How to Disclose an Invention Without a NDA
Peter asked us a question familiar to all inventors:
"My invention does not have a lot of hidden secrets. If I tell people what it is, most people in this industry would be able to go away and figure out how to do it themselves. I have taken out a provisional application for a patent on it. If the companies I approach are not prepared to sign an NDA which helps to protect me from them stealing my idea, what can I tell them in the initial approach?"
We call this the Catch-22 of inventing and have an article that offers imperfect answers here.
Since that article we've developed the Inventicator to provide another way of talking about inventions without disclosing the ingredients of your secret sauce. If you use the Inventicator to benchmark a current product of your target licensee and then inventicate your invention you'll be able to add an interesting and possibly tempting bit of information in an introductory email. Visit the Inventicator here.
Now, with the preliminaries out of the way, here's a point by point response to Peter's question:
1. My invention does not have a lot of hidden secrets. If I tell people what it is, most people in this industry would be able to go away and figure out how to do it themselves.
That's true for most inventions. When you describe the problem your invention solves, a company can likely find a way to create a solution for that problem without you (identifying unsolved or unknown problems is often the most valuable thing independent inventors bring to licensees). Inventions that have the best chance of success are ones where the inventor has created (and patented) the lowest cost way of manufacturing the best performing solution (here's an example).
2. I have taken out a provisional application for a patent on it.
It's likely that your provisional doesn't cover the optimum solution. That solution is usually discovered in the course of engineering a product for manufacturing and/or otherwise perfecting it after testing with a prototype.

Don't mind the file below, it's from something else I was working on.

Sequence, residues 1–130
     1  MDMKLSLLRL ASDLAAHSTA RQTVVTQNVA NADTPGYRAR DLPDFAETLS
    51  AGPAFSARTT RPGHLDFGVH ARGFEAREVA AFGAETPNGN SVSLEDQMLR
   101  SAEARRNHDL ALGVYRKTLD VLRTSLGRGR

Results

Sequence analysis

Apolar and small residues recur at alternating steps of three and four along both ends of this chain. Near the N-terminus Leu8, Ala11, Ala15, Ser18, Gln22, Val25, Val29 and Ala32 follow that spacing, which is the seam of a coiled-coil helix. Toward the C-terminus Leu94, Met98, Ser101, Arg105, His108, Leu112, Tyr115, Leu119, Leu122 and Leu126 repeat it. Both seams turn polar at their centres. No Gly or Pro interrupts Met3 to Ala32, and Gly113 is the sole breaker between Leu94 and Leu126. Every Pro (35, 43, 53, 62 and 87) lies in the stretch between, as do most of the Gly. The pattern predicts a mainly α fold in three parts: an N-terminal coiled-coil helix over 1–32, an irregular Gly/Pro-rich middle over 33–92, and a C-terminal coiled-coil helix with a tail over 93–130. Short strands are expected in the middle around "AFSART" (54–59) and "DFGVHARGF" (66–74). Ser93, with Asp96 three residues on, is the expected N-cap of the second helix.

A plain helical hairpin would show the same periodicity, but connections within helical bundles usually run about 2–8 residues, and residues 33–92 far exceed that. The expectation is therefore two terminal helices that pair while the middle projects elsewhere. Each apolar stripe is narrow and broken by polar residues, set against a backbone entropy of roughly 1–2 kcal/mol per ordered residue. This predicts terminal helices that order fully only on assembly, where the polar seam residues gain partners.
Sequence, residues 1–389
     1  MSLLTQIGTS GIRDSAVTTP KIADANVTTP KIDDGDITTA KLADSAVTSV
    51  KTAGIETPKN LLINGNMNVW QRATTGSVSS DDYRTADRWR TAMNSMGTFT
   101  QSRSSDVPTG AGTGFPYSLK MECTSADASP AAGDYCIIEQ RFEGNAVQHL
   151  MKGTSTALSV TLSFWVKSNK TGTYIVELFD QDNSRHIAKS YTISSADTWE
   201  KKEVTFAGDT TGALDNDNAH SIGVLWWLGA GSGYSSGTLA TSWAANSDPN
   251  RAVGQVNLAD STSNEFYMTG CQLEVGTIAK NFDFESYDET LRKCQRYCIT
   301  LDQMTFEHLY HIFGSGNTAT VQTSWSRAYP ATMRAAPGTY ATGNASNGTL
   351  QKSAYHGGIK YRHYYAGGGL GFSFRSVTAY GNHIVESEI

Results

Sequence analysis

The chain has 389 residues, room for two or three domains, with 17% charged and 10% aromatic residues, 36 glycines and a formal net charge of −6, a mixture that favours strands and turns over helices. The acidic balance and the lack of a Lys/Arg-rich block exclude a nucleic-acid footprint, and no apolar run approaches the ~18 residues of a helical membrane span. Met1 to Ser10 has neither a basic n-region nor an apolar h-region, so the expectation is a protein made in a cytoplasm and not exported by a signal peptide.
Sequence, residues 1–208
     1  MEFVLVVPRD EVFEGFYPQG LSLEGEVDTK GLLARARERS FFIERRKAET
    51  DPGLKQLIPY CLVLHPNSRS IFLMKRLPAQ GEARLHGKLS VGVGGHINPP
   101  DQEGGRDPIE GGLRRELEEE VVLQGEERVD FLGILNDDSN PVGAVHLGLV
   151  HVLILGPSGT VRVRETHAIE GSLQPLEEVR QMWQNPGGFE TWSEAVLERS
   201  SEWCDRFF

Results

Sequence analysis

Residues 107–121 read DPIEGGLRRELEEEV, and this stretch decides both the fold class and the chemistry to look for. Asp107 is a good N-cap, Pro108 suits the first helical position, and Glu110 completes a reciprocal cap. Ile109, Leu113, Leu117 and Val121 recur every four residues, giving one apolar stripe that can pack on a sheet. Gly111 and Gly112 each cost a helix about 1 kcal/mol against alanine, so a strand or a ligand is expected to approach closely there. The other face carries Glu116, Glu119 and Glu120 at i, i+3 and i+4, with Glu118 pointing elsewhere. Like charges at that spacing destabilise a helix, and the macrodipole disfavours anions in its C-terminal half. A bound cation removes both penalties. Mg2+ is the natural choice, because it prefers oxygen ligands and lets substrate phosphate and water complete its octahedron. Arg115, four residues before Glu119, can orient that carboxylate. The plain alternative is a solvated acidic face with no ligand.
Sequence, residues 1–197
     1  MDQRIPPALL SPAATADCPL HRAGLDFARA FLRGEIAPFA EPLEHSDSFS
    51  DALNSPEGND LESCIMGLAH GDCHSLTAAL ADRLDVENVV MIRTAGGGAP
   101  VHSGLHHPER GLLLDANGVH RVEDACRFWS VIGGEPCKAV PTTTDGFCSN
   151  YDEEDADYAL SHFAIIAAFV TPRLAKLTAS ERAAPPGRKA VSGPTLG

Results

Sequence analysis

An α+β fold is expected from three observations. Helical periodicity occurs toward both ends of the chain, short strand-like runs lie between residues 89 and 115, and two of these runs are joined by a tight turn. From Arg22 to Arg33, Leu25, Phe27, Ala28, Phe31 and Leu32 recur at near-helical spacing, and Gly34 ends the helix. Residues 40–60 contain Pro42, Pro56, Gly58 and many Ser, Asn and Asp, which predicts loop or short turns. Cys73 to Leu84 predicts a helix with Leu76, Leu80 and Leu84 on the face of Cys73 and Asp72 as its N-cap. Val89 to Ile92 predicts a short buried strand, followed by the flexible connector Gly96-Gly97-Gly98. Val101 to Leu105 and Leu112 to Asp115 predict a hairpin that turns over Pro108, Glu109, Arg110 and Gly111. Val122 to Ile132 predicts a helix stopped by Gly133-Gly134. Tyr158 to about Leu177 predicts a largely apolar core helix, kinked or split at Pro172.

3. If the companies I approach are not prepared to sign an NDA which helps to protect me from them stealing my idea...
NDAs all have a barn door sized loophole known as "prior art". If your idea can be found in prior art then you are not really protected. However, reputable companies will almost always make real efforts to avoid violating anything that can be legitimately be claimed in patent.
4. What can I tell them in the initial approach?
Great things to tell them are survey results, comparisons to existing known products and anything that reinforces your credibility as an inventor. Showing that you understand the inventing process, professional experience, education and past successes are all helpful. Also, showing an understanding of their business and how your invention will make them money (or make their life easier) is worth a lot - provided it's done from a business perspective and is not just boastful bragging (BTW - the most you should ever assume in terms of market share for a new product is 10%).
In the end, after we've done the best job we can on a provisional patent, we believe in feeling the fear and disclosing the idea straight up. We don't mess around because no one has any time. We provide a short 1 minute video and a short pitch in text. Then we hope for the best.
One thing Invention City offers to inventors is established relationships with numerous potential licensees and credibility based on our 25+ years of success (and failure).
A Brutally Honest Review is a great way for inventors get meaningful advice on invention ideas - there might even be the offer of a licensing deal.
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